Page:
Fine Motor Development in Children

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In what order do the reflexes develop? Proprioceptive Placing (arms)-->Palmar Grasp-->Traction Response-->Avoidance Response-->Instinctual Grasp  
What is proprioceptive placing (arms) ○ Asymmetry may indicate CNS dysfunction, peripheral nerve injury, and primary muscle weakness ○ Bilateral response may be CNS dysfunction ○ Replaced by visual placing  
What is traction response? ○ Pull to sit at wrist = flexion of shoulders, elbows, wrist, and fingers ○ Strong enough to support child's entire weight ○ Usually tested with palmar grasp  
What is the avoidance response? ○ Hand moves away from the stimulus ○ Opposite of instinctual grasp  
What is instinctual grasp? ○ Orients hand towards object to grasp ○ Radial orientation occurs first, then ulnar ○ Supination with radial stimulus, pronation with ulnar  
In what order does reach develop? Gross asymmetrical (ATNR) UE movement-->Visual regard-->Swipe (accidental)-->One handed indirect reach (integration of ATNR)-->Symmetrical bilateral reach (supine then sitting)-->One handed direct reach  
In what position is the arm in swipe? Abduction  
What happens in one handed indirect reach? Child uses both hands: one gets proprioceptive input, the other hand mirrors and gets object  
What happens in one handed direct reach? ○ Only one hand reaches ○ No supination until ER used in reach  
What are the three grasp pattern trends? • Whole hand to fingers • Proximal to distal • Ulnar to radial  
In what order do developmental grasp patterns develop? Ulnar-palmar grasp-->Palmar grasp-->Radial-palmar grasp-->Raking grasp-->Scissors grasp or lateral/key pinch-->Radial-digital grasp-->3 jaw chuck-->Inferior pincer or forefinger grasp-->Neat & superior pincer grasp  
What happens in ulnar-palmar grasp? Child uses 4, 5, and ulnar palm ○ Thumb not involved  
What happens in palmar grasp? Child uses 3, 4, and middle palm ○ Forearm pronates ○ Thumb not involved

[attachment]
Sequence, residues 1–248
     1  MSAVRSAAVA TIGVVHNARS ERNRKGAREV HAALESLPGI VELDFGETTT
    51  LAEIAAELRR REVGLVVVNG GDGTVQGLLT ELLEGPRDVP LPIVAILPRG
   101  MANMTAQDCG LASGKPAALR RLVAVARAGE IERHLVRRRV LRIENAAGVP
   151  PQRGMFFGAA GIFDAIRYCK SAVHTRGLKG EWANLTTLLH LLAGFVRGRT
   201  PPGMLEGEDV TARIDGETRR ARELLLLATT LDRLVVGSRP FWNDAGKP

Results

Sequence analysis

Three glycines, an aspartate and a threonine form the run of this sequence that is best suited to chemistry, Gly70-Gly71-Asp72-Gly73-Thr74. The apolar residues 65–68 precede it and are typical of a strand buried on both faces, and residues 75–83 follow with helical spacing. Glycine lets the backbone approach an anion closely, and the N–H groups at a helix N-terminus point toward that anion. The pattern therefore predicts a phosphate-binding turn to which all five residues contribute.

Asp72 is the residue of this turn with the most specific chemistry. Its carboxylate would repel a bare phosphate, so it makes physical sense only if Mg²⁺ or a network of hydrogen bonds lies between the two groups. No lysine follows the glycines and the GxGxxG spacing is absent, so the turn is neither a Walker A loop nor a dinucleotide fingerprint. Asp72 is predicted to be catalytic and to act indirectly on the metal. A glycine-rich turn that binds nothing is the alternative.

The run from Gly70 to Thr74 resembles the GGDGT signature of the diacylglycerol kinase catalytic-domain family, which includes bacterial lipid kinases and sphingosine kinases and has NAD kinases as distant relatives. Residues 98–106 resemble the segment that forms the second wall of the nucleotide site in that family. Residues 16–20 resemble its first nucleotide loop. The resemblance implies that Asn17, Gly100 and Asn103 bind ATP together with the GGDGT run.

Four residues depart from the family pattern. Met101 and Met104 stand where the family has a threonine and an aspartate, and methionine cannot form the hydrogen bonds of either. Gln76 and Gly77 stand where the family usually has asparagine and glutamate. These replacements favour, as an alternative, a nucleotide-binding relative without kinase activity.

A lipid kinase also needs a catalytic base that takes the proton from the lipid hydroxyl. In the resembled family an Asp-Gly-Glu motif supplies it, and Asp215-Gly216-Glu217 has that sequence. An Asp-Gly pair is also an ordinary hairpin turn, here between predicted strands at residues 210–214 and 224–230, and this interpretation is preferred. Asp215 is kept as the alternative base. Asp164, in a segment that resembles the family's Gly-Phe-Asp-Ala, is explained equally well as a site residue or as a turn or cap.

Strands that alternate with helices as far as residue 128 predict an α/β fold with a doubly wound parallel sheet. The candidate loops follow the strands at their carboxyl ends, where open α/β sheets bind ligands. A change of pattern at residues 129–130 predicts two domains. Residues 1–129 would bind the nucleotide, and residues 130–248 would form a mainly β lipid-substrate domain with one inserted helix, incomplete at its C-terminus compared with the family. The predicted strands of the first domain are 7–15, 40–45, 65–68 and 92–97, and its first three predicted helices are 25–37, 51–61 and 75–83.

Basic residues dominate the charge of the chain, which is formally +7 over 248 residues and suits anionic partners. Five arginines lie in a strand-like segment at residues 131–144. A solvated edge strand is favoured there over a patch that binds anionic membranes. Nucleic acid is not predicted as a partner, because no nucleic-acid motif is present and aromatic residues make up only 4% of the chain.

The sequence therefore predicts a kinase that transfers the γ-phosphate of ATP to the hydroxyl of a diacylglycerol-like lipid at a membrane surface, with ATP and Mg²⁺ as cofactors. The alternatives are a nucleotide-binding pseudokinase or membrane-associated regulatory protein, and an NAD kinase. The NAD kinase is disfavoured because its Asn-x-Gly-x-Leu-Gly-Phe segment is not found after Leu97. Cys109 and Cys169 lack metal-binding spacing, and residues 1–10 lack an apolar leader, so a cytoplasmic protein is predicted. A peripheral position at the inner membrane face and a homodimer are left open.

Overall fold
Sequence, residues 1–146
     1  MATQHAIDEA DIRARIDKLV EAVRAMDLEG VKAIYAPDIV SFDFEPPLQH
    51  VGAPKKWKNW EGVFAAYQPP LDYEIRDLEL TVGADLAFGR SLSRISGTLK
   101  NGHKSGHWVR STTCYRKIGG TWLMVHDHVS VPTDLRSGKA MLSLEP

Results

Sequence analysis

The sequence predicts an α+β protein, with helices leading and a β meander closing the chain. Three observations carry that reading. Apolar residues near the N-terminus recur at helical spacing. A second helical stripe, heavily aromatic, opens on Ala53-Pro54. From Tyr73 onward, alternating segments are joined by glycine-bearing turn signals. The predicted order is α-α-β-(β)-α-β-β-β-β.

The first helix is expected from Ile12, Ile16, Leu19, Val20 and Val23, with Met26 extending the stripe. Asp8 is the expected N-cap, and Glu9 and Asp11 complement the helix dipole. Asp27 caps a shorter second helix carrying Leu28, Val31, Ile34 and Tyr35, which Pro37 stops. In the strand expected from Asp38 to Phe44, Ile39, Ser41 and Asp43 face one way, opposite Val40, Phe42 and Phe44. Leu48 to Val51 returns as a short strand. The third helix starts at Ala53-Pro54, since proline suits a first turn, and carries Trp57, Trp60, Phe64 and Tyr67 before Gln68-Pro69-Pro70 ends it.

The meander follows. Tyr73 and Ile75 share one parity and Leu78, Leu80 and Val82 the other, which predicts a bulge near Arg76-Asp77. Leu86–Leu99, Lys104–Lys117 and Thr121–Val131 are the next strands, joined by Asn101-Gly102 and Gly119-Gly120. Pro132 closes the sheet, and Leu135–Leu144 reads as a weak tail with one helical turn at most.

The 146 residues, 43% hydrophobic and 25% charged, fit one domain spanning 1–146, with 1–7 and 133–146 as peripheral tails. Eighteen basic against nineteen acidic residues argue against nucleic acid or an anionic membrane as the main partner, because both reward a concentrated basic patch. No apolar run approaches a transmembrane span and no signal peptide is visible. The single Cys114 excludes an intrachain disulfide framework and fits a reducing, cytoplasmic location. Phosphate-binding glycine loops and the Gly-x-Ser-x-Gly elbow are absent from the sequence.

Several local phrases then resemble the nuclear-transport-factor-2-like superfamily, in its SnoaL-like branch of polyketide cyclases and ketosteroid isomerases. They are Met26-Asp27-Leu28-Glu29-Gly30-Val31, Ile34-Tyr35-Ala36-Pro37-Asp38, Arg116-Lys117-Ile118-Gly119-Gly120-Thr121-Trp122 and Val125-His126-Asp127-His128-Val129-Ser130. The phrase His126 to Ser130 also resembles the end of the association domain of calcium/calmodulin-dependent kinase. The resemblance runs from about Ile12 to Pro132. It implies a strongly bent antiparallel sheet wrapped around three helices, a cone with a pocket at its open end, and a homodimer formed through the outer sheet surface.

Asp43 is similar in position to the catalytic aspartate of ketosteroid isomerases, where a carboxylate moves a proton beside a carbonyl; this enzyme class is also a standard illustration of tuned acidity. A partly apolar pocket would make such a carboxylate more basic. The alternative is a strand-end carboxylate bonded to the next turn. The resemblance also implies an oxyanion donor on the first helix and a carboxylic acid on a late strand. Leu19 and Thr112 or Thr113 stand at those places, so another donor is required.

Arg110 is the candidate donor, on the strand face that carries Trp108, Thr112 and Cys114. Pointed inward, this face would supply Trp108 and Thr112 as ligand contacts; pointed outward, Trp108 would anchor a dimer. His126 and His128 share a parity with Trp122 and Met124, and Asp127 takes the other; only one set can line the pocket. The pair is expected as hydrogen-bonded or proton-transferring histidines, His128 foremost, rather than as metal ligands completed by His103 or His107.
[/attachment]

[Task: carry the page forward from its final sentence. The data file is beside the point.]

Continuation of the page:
What happens in radial-palmar grasp? Child uses 2, 3, and radial palm ○ Most mature infant pattern ○ Thumb not involved  
What happens in a raking grasp? Child's fingers loosely extend, then flex to get object (tenodesis)○ Object gets trapped between fingers ○ Thumb not involved, prone begins to stretch out thumb  
What happens in a scissors grasp or lateral/key pinch? Child on hands and knees, object held between adducted thumb and lateral index finger  
What happens in a radial-digital grasp? 1st thumb opposition  
What happens in a 3 jaw chuck? Thumb opposed index and middle ○ Initially held at base of fingers  
What happens in an inferior pincer or forefinger grasp? Thumb opposed to middle of index ○ Poking occurs  
What happens in a neat & superior pincer grasp? Thumb to end of index finger, Neat pincer grasp - pad to pad, Superior pincer grasp - tip to tip  
What is the order of grasps beyond development? Hook grasp-->Power grasp-->Spherical grasp-->Cylindrical grasp-->Disc grasp  
What is a power grasp? Object diagonal/oblique in palm, ulnar side stabilization  
What is a spherical grasp? Wrist extended ○ Requires good extrinsic control  
What is a cylindrical grasp? Hold jar to open in palm ○ Contrast with radial digital grasp  
What is a disc grasp? Fingers abducted, adducted if object small ○ Graded by size of object  
In what order does bilateral coordination develop? Hand to hand play-->Symmetrical grasp at midline-->Associated bimanual movements and bilateral simultaneous play-->Complementary movements-->Coordinated asymmetric movements-->Coordinated bimanual skills  
What is hand to hand play? Play without an object.  
What is symmetrical grasp at midline? Hands join together at midline and an object can be held between them (indirect reach).  
What is associated bimanual movement? One hand hold an object while the other hand manipulates it.  
What is bilateral simultaneous play? Play with a toy in each hand.  
What are complementary movements? Movements of the hands in different directions, may break objects.  
What are coordinated asymmetric movements? One hand is active, the other passive.  
What are coordinated bimanual skills? Speed, accuracy, & dexterity increase, at 2 y.o. each hand does something different but together (scissors/buttons).  
What are the pre-requisites to carrying skills against gravity? Co-contraction occurs in more distal joints of wrist/hand, forearm is stable in all positions (supinate), use shoulder rotation effectively with all movements of the humerus.  
What is the order of release development? Avoidance reaction-->Accidental release-->Transfers-->Release against a surface-->Active release-->Graded release-->Precise release.  
What occurs in a release avoidance reaction? Fingers extend and abduct following stimulation to dorsum of hand.  
What is accidental release? Release occurs involuntarily (likely flexion of wrist).  
What occurs in a release transfer? Release occurs using the mouth or other hand.  
What are the two types of release transfers? Two stage transfer & one stage transfer/purposeful release.